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People often talk about what they might have done if they were alive during the civil rights movement. But Black state senators in Mississippi just put their values into action, walking out during a vote on a bill that prohibits the teaching of critical race theory.  

Just days after the Martin Luther King Jr. holiday, the majority-white Republican-controlled state senate passed a bill to ban a concept not taught in public schools. In a video shared by WLBT, viewers can see Black senators walking out of the chamber as a roll call vote begins.  

The walkout didn’t stop the vote, but Black senators would rather withhold their participation instead of engaging in a sham process that does not honor and respect the experiences and history of many within the state.  

“We walked out as a means to show a visible protest to these proceedings,” state Sen. John Horhn told Mississippi Today.  

The outlet recounted a time nearly 30 years ago when the Black caucus boycotted a speech by former Gov. Kirk Fordice, but could not recall a time when legislators walked out of a legislative chamber in the middle of a vote.

Republican senators are wasting energy on something not taught in K-12 schools.  It’s not even taught in most law schools. But conservatives have latched on to the phrase as a catchall for attacking anything related to creating more equitable environments in schools. Diversity, equity and inclusion and even social and emotional learning have been attacked as a broader campaign by conservative groups looking to create a fight in a new wave of culture wars.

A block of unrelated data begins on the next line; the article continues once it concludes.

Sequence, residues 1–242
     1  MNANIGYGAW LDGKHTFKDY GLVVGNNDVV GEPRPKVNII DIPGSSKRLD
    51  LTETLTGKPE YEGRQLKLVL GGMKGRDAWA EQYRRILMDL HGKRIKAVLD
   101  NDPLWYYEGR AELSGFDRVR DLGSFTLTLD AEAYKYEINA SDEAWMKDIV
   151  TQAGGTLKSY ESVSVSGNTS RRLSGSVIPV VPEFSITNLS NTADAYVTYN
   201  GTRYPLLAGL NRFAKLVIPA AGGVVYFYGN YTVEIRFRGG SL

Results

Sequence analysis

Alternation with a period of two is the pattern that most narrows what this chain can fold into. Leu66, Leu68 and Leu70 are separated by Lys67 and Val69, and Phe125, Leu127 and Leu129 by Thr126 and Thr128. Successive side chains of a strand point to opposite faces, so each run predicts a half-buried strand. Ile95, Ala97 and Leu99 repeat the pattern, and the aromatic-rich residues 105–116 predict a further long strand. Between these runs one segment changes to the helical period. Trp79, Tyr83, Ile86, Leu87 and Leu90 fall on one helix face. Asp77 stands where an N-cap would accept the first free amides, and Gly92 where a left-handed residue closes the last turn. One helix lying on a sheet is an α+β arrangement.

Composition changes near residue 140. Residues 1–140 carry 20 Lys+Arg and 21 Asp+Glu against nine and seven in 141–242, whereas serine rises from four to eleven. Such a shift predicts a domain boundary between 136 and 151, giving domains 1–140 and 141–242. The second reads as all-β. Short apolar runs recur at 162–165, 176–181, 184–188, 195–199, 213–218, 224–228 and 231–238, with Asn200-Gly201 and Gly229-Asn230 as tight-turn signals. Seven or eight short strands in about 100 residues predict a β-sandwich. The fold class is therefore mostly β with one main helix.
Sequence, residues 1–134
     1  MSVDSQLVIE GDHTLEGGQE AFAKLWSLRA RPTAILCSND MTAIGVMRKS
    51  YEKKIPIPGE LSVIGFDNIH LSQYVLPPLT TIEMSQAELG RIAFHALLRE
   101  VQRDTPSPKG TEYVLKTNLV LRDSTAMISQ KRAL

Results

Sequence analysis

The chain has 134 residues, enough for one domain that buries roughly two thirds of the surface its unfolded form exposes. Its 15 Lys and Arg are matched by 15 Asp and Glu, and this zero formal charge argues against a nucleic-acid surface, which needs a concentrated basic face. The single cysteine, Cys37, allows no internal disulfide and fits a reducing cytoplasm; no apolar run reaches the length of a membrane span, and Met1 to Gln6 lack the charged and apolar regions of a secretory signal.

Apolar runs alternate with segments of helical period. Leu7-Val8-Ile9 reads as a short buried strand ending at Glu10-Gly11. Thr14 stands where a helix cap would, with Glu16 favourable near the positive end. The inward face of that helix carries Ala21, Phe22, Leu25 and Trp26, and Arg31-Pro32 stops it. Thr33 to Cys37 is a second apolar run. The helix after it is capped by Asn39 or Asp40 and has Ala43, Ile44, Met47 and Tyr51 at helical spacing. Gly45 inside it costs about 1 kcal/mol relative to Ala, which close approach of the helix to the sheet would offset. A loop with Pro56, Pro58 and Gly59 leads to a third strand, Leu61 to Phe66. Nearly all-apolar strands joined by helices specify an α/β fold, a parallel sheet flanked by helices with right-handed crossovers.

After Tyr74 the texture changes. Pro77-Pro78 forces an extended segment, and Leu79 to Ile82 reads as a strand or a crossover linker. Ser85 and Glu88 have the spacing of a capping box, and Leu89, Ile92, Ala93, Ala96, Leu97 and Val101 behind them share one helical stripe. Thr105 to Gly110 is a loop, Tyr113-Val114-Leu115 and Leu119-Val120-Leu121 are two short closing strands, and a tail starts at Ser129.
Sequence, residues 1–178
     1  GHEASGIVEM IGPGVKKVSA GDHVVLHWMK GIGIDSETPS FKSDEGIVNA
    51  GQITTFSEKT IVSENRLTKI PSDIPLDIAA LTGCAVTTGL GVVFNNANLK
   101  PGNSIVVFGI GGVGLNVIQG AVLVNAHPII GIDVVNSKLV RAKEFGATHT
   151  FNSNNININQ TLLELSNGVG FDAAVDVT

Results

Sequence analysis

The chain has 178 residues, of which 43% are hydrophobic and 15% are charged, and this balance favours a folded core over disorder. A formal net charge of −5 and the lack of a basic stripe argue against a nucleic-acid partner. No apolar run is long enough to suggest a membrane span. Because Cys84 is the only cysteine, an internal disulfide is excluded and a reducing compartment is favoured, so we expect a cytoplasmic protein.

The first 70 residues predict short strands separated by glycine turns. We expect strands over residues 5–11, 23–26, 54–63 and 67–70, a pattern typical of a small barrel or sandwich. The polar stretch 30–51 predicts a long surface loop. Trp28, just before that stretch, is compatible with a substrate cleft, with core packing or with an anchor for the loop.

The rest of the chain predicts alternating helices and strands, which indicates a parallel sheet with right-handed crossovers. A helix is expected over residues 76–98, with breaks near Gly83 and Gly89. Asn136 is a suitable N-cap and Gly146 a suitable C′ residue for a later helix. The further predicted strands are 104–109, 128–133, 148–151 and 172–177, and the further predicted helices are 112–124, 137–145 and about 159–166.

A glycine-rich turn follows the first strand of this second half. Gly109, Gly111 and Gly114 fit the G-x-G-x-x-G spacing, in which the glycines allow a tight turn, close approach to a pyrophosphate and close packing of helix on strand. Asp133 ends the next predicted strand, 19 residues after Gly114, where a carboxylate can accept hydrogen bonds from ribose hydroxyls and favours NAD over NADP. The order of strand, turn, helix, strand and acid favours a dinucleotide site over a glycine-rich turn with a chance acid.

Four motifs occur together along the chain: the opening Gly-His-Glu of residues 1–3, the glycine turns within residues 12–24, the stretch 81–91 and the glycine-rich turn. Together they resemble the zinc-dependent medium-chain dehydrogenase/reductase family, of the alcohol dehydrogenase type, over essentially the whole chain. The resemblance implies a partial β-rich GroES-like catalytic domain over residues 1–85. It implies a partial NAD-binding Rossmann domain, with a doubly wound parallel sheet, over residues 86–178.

Last June, NBC News documented the well-funded organizing effort to undermine equity in education. Despite the framing of various conservative groups, this isn’t simply about parents being concerned about their students but a well-planned effort to obstruct progress and inclusion.

This bill could prevent accurate teaching of history, like members of the Mississippi legislature led by segregationist Sen. James Eastland blocked anti-lynching legislation from passing in 1948. 

According to US News, Mississippi ranks 43 in education, 49 in the economy, 48 in infrastructure and last in health care out of all 50 states. Mississippi is one of several states that refuses to expand Medicaid, improving health outcomes for thousands across the state. It seems like the Mississippi legislature could be spending its time on legislation that is more beneficial to people around the state. 

Nationally proponents of anti-critical race theory actions claim they are merely concerned with curriculum transparency. Except for their efforts over the past year, including participating in a massive disinformation campaign, suggest otherwise. 

A similar law passed in Texas led one school district to suggest it was important to teach “both sides” about the holocaust.

Also, curriculums are not top-secret documents. Transparency doesn’t mean book banning either.

While some on social media were quick to dismiss the bill’s passage due to it happening in Mississippi, attacks on equity in education have been happening across the country, even playing a role in the 2021 Virginia Governor’s race. 

For their part, Black elected officials across the county have been holding the line against white supremacy in legislation at the state and local levels. Last year, Black state representatives in Florida took a stand against a bill that criminalizes protest. In Georgia, Rep. Park Cannon was arrested after she knocked on the governor’s door as he signed legislation restricting voting access in the Peach State. 


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